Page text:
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Holder’s always had a thing for redheads.

He blames Daniella Kimak, the Polish woman who lived next door while he was growing up. She was all long limbs longer hair, fiery red that fell all the way to her hips and swayed like liquid flames when she walked. She used to come over in her housecoat and smoke cigarettes with his mom until it was time to open a bottle of vodka, her pale, freckled forearms clearly visible beneath the soft cotton. Her husband was a trucker, worked away a lot hauling freight up and down the Pacific coast; when she came home they used to fight so loud their voices would echo around the neighbourhood.

When he was sixteen his mom sent him next door to ask Daniella if she needed help with the front lawn. She didn’t, but on his seventeenth birthday she led him up the stairs to the bed and she and her husband shared and show him exactly what she did need help with.

He grew up thinking that all redheads chain-smoked, had bad tempers and wouldn’t accept help from anyone.

She was the first.

The second was Celia, a college girl with a pixie cut of brilliant natural red that went orange in the sun. She played the bass like it was an extension of her hand and was rarely seen without a cigarette. Like Daniella, she had pale skin and a soft smattering of freckles that trickled down her spin and pooled out over her hips.

Their relationship had been rocky, tumultuous, combustible like the fire atop her head. One time, during a particularly brutal exchange, Holder punched the wall in frustration and broke a bone in his hand.

He kept coming back for more, though.

The third had been Marianne, a delicate beauty from New York with whom he spent one perfect idyllic summer before entering the academy. They’d gone hiking, taken walks in the park. She’d hated her freckles and covered them up with makeup and smoked cigarettes from one of those long holders and liked to read French poetry and had freckles that covered her collarbone and shoulders. But then the summer had ended and so had their idyll, and Holder never went hiking again after that.

The fourth had been a waitress at the local diner who used to bring him coffee when his shakes were so bad he spilled black, hot liquid all over the counter. If she knew what the twitches and the dark circles and the increasingly scrawny frame were from, she didn’t let on, but she listened when he wanted to talk and she never complained when he sought her comfort at the end of the day. Her skin was covered with burns from the hot oil that distorted her milky skin and smattering of freckles.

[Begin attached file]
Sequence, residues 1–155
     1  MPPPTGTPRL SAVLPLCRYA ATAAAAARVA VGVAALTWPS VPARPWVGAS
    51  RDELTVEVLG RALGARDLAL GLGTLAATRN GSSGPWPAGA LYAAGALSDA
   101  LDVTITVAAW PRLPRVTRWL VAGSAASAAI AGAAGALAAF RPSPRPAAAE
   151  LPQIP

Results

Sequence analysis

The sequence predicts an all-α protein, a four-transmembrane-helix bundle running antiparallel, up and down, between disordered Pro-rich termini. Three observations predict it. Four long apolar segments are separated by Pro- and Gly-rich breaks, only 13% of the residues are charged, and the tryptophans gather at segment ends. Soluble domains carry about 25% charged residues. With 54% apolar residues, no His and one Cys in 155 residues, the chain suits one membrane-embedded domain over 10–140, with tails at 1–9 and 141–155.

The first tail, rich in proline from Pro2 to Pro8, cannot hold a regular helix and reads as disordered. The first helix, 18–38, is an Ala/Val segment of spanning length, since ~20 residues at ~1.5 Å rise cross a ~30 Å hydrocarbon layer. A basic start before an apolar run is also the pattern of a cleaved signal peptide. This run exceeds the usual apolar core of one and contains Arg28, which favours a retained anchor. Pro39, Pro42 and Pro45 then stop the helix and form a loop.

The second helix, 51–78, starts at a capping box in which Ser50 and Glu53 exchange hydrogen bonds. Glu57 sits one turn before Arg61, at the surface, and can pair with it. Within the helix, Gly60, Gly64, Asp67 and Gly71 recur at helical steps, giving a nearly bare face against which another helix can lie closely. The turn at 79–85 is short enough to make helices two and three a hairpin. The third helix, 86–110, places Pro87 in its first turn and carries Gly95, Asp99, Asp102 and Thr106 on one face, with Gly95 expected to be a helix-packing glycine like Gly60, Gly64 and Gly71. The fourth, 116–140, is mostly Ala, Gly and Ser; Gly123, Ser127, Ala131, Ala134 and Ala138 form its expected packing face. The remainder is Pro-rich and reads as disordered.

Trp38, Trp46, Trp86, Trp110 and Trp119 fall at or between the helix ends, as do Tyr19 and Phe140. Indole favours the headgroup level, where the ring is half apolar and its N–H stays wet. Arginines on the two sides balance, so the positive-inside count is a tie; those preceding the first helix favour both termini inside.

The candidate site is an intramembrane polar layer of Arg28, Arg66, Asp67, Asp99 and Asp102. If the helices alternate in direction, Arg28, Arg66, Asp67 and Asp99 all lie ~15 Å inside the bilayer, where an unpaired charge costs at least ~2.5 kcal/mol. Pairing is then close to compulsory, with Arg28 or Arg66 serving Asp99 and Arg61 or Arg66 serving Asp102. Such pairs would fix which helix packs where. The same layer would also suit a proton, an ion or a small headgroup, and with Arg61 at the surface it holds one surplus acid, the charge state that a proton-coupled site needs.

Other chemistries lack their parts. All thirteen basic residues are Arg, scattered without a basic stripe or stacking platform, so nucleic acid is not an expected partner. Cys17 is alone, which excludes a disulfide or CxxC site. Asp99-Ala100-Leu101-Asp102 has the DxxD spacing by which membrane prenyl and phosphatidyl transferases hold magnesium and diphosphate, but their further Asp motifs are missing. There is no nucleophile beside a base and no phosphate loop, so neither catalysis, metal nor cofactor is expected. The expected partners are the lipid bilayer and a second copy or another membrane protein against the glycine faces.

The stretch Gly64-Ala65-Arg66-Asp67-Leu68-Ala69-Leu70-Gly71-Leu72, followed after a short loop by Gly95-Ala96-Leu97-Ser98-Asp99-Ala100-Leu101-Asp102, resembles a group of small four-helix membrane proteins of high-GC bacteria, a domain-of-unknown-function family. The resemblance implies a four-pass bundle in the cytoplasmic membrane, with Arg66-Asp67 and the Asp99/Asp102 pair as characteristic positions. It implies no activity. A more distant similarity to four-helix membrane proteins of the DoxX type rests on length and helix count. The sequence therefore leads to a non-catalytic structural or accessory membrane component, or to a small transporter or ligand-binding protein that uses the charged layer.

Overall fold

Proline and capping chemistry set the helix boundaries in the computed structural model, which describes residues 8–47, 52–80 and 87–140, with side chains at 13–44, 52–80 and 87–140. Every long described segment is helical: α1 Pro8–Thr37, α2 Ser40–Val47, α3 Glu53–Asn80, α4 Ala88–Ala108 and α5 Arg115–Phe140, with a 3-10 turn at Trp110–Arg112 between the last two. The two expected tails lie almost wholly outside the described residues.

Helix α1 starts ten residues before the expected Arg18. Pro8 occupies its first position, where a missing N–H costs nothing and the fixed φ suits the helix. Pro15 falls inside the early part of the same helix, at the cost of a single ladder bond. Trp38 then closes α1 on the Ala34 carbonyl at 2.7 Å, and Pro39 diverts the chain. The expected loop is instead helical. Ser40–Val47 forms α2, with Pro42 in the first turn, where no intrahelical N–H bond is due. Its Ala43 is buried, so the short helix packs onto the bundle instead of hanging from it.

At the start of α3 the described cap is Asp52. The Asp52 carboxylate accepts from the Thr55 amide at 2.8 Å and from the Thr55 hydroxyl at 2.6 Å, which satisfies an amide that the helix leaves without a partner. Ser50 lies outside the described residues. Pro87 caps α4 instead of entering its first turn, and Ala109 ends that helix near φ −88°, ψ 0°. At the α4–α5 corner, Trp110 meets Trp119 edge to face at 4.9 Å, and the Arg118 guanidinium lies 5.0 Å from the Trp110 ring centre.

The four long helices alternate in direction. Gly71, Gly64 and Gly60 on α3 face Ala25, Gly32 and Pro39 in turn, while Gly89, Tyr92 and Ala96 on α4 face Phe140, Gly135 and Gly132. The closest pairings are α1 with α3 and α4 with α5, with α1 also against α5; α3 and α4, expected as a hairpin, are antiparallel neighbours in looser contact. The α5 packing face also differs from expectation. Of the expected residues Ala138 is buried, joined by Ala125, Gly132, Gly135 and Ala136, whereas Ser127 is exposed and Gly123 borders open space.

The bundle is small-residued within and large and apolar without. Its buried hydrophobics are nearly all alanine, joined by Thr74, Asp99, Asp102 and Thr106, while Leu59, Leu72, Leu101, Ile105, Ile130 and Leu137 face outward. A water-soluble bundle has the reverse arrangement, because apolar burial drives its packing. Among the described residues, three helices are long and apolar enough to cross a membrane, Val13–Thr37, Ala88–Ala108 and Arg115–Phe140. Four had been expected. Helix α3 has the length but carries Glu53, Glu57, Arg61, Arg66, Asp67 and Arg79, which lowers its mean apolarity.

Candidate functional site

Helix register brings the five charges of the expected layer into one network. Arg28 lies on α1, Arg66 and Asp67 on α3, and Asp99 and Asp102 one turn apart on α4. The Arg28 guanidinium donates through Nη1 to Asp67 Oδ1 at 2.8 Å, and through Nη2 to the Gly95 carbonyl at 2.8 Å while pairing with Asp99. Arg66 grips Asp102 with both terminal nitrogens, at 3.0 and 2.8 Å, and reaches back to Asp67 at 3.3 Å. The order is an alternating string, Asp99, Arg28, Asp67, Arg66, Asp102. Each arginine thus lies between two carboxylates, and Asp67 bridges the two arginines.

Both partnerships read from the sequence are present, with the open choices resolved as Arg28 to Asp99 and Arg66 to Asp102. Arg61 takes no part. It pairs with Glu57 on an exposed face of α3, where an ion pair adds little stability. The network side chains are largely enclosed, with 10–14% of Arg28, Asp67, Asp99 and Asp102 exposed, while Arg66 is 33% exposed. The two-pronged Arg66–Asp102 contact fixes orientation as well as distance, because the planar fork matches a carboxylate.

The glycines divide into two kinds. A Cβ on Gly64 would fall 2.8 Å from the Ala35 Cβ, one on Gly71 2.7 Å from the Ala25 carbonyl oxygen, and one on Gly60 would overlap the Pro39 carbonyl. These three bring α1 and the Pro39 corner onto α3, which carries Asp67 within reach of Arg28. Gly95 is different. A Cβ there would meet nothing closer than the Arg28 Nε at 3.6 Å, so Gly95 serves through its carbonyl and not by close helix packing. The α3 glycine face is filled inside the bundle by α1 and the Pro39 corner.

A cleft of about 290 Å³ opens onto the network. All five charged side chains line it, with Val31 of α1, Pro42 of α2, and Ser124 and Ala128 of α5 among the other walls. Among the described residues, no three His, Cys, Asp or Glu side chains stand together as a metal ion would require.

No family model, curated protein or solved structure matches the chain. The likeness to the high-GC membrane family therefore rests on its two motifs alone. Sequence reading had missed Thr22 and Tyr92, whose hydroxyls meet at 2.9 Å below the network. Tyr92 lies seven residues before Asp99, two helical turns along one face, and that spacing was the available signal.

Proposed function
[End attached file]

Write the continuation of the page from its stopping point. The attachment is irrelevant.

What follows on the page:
There had been others, to be sure: brunettes and blondes and even a girl with hair all the colours of the rainbow, but their faces and their hair became a blur, an endless rollercoaster punctured only by the redheads, the only faces he remembers.

Linden was the fifth.

Her hair had been the first thing he’d noticed about her when their boss had introduced them just as she was packing up her office and handing it over to him. To be sure, it was pulled back into a tight ponytail and the lights were artificial and it dulled the red but there was no mistaking it: glorious auburn that curled down her back.

He was glad that she was leaving. That way he wouldn’t have to watch her hair and wonder what it felt like between his fingers.

Of course, their first assignment had dragged them out of the police station and into the field; he can still remember standing in the marshlands outside the city, watching Linden bark orders at people in that harsh, unsociable way that she has about her. And the natural light made her hair so red and fiery that he had to clench and unclench his hands so he wouldn’t reach out and touch it.

She reminds him of Daniella, of Celia, of Marianne, of the nameless waitress. She reminds him of them and she doesn’t. She wants a cigarette but she rarely caves. She has a son that she lets him meet and what’s more, doesn’t object too much when Holder strikes up an easy rapport with the boy. She doesn’t ask for help but turns up at his apartment anyway because she’s got nowhere else to go and she needs his help because she’s afraid, afraid for herself and for her son.

When he first touches her hair, he doesn’t realise that he’s doing it.

Its morning, early morning and Jack’s stayed over at a friend’s and they’re in his apartment, just the two of them. Linden’s standing at the sink, looking out of the only window in the kitchen, blowing on her coffee cup. She’s wearing sweats and her hair is loose around her shoulders for the first time and Holder’s hand comes up without thinking to gently touch the curls that crown her head and almost hit her waist.

Silk, just like he thought. Thick, luscious silk that slips through his fingers in loose, easy waves in a glorious red, the reddest he’s ever touched.

She audibly inhales when she feels the contact but doesn’t ask him to stop, staring at him with those wide eyes that she has. Emboldened, Holder lets his fingertips touch the skin at the side of her neck, smiling when he sees the barest hint of freckles peeking out from her collar. But then soon her mouth’s on his and they in the bedroom and he realises that the freckles extend all the way down like leopard’s spots, covering her whole body. She’s pale and glorious just like he thought she would be.

“Holder.” Her voice is muffled by her hair as they lie amid sweaty limbs and tangled sheets and share a cigarette.

“Always had a thing for redheads.” He mumbles back.